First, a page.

Teradata’s Secondary Index offers an alternative means of accessing rows, minimizing disk IOs during data retrieval.
Despite their widespread use in database systems, Teradata employs an alternative method to B+ Tree Indexes.
Teradata categorizes secondary indexes into unique (USI) and non-unique (NUSI). Despite their similar names, they differ in functionality. The following article pertains solely to USI.
Unique secondary indexes use Teradata’s hashing algorithm to distribute data evenly across disks. While technically tables, they are sub-tables and do not appear in dictionary tables like join indexes.
The primary index column(s) hash the base table data, whereas the secondary index rows are hashed by different columns or combinations of columns, providing an additional path for data.
The USI row includes the ROWID of the corresponding base table row, enabling a direct lookup of said row.
Access to Teradata USI is typically limited to 2 AMPs. Initially, a lookup is performed on the secondary index row, which includes the ROWID for the base table. This ROWID is then used to locate the base table row. Occasionally, the USI row and the base table row are situated on the same AMP, resulting in AMP-local retrieval of the base table row.
The unique secondary index distributes evenly across the AMPs, functioning as a distinct primary index, thus eliminating the issue of data skewing.
Teradata requires current statistics for evaluating index usage, particularly for highly selective USIs. Failure to meet this selectivity standard will likely result in Teradata not incorporating the index into the execution plan. Specifically, it will not be utilized if the number of table rows selected from the USI exceeds 10%. However, this 10% threshold should be considered a general guideline rather than a strict rule.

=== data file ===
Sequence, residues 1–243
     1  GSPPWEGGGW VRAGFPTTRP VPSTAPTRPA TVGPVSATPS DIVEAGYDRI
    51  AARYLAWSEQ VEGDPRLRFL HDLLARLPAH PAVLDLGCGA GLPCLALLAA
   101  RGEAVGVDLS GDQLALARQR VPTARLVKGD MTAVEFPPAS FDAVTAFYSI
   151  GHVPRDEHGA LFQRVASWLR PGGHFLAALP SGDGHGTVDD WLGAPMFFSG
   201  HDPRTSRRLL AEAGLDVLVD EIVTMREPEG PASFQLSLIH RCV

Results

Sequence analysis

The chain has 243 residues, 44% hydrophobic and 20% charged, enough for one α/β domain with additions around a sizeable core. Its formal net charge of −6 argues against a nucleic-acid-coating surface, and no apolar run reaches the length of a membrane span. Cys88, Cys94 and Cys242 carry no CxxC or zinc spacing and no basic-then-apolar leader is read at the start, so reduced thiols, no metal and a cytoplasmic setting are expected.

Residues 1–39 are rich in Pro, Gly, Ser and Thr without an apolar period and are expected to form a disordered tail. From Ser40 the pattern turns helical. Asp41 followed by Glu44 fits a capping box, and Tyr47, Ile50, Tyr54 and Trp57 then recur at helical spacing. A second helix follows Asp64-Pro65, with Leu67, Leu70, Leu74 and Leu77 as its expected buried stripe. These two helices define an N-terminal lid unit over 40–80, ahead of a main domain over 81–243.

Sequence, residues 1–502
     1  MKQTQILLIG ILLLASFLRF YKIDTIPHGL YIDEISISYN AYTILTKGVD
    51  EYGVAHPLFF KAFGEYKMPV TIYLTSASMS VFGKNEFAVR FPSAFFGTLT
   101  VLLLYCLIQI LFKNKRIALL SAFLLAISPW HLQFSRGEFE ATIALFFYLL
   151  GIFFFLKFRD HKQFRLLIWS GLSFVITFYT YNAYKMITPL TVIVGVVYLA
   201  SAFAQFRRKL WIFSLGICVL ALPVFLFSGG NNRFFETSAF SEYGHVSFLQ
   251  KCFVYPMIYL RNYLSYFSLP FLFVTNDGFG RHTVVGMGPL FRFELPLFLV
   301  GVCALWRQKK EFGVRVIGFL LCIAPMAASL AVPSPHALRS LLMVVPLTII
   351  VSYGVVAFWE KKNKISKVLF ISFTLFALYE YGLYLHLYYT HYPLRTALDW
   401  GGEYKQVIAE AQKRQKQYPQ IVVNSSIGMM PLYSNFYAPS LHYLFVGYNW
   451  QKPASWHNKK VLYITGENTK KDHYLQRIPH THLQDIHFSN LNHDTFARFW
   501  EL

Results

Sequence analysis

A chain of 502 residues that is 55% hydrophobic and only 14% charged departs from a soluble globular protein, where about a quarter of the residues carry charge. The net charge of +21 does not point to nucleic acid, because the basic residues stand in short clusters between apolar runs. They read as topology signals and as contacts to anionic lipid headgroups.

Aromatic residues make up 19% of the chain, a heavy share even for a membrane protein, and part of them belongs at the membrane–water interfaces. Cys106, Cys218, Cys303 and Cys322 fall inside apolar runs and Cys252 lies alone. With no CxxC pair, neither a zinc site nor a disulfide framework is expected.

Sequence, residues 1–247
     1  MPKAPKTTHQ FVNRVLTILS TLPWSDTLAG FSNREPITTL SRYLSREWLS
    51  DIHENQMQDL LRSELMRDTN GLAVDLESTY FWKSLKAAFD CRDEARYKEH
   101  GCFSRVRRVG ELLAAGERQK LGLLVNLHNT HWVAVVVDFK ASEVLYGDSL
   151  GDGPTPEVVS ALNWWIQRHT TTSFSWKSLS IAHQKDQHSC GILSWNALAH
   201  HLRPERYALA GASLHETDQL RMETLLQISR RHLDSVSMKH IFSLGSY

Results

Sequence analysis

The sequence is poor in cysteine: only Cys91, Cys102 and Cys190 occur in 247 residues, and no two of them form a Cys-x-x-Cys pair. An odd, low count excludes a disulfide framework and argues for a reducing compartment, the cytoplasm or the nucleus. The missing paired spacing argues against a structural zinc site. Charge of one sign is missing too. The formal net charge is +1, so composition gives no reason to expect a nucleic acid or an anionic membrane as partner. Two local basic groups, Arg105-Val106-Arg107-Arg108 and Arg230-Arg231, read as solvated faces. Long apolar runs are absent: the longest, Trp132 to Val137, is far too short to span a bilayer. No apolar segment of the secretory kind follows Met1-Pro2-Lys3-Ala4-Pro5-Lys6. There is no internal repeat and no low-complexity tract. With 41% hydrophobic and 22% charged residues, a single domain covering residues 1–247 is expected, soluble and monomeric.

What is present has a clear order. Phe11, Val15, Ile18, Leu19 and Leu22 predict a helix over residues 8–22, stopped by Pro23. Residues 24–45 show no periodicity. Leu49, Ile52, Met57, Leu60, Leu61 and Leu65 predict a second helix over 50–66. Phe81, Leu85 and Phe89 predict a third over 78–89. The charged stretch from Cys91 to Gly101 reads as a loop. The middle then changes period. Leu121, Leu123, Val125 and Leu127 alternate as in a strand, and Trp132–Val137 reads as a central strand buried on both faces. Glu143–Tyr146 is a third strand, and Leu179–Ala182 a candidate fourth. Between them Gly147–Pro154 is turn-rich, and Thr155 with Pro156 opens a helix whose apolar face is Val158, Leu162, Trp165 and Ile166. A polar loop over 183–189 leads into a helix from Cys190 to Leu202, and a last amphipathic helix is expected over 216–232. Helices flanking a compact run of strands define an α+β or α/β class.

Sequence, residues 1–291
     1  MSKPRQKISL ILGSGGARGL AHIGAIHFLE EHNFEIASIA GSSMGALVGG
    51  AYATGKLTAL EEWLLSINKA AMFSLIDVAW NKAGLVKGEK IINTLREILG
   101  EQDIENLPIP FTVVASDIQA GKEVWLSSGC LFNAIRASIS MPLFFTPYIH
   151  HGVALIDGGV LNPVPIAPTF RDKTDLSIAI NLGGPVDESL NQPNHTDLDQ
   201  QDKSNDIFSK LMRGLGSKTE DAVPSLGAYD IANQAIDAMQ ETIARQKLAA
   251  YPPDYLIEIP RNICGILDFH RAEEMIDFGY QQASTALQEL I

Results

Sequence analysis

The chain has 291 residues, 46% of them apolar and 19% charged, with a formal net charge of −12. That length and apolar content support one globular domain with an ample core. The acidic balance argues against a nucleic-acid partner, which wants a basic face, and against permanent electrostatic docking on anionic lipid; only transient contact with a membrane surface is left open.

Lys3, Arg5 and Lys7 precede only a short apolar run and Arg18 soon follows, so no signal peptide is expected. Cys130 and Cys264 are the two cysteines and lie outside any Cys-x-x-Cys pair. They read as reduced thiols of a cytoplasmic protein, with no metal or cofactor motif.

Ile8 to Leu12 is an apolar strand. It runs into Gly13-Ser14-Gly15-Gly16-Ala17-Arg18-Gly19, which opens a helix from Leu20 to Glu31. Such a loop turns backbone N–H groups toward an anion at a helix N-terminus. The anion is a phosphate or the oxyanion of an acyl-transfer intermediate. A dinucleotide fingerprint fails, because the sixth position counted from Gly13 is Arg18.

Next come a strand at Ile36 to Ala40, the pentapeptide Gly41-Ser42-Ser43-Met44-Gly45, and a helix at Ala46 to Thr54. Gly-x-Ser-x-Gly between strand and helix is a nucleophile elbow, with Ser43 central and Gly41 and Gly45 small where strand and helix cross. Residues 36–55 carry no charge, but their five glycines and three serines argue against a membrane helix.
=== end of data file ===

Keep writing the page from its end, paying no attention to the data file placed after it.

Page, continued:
Typically, one would devise a preferred USI and verify its use through an EXPLAIN statement. If it is in use, retain it; otherwise, discard it. It is important to note that unique secondary indexes are physical tables that occupy disk space.
Information about the Teradata USI you will find nowhere else:
The meticulous process of retrieving data.
- The Parsing Engine is consulting the hash map and locates the AMP carrying the USI row.
- The AMP containing the USI row finds the USI data block via the Master Index & the Cylinder Index.
- The USI data block is moved into the FSG cache.
- The AMP does an in-memory binary search of the data block and locates the USI row.
- The designated row carries the ROWID of the base table. The Parsing Engine uses this ROWID to look up the base table AMP and instructs it to retrieve the base table row.
- The base table AMP locates the data block via Master Index & Cylinder Index lookup.
- The base table AMP moves the data block into the FSG cache.
- The base table row is located with an in-memory binary search on the base table block.
The Secondary Index in Teradata – The NUSI compendium
The Teradata Join Index Guide – We leave no questions unanswered!
The Teradata Partitioned Primary Index (PPI) Guide
Watch the Teradata Indexing Video Course
While the PI is the way Teradata distributes the records across all AMPs, the USI is working exactly the same way. Hence, you can imagine the USI as being the same table or some columns of the same table being hashed by a different PI. If the USI is covering all columns a query needs, Teradata has not even to lookup the related base table record, otherwise, the ROWID of the base table record which is stored in the USI record will be used to find the related base table row.
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“Exactly the same as a unique primary index, the unique secondary index distributes evenly across the AMPs and there is no need to take care of data skewing.”: I think that only the Primary Index is responsible for distributing the table records across AMPs. Please correct me if I am mistaken.